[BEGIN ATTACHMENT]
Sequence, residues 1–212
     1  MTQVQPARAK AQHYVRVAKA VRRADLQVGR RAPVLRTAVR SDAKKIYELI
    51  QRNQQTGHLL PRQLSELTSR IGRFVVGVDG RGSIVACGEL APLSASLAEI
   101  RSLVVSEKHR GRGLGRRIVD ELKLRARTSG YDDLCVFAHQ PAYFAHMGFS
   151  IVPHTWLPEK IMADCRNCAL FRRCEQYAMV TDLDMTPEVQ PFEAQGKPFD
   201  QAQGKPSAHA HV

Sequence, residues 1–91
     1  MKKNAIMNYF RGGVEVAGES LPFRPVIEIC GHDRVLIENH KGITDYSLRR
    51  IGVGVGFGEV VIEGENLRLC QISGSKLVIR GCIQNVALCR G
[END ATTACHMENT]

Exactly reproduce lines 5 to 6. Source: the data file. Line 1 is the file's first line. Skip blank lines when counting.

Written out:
   151  IVPHTWLPEK IMADCRNCAL FRRCEQYAMV TDLDMTPEVQ PFEAQGKPFD
   201  QAQGKPSAHA HV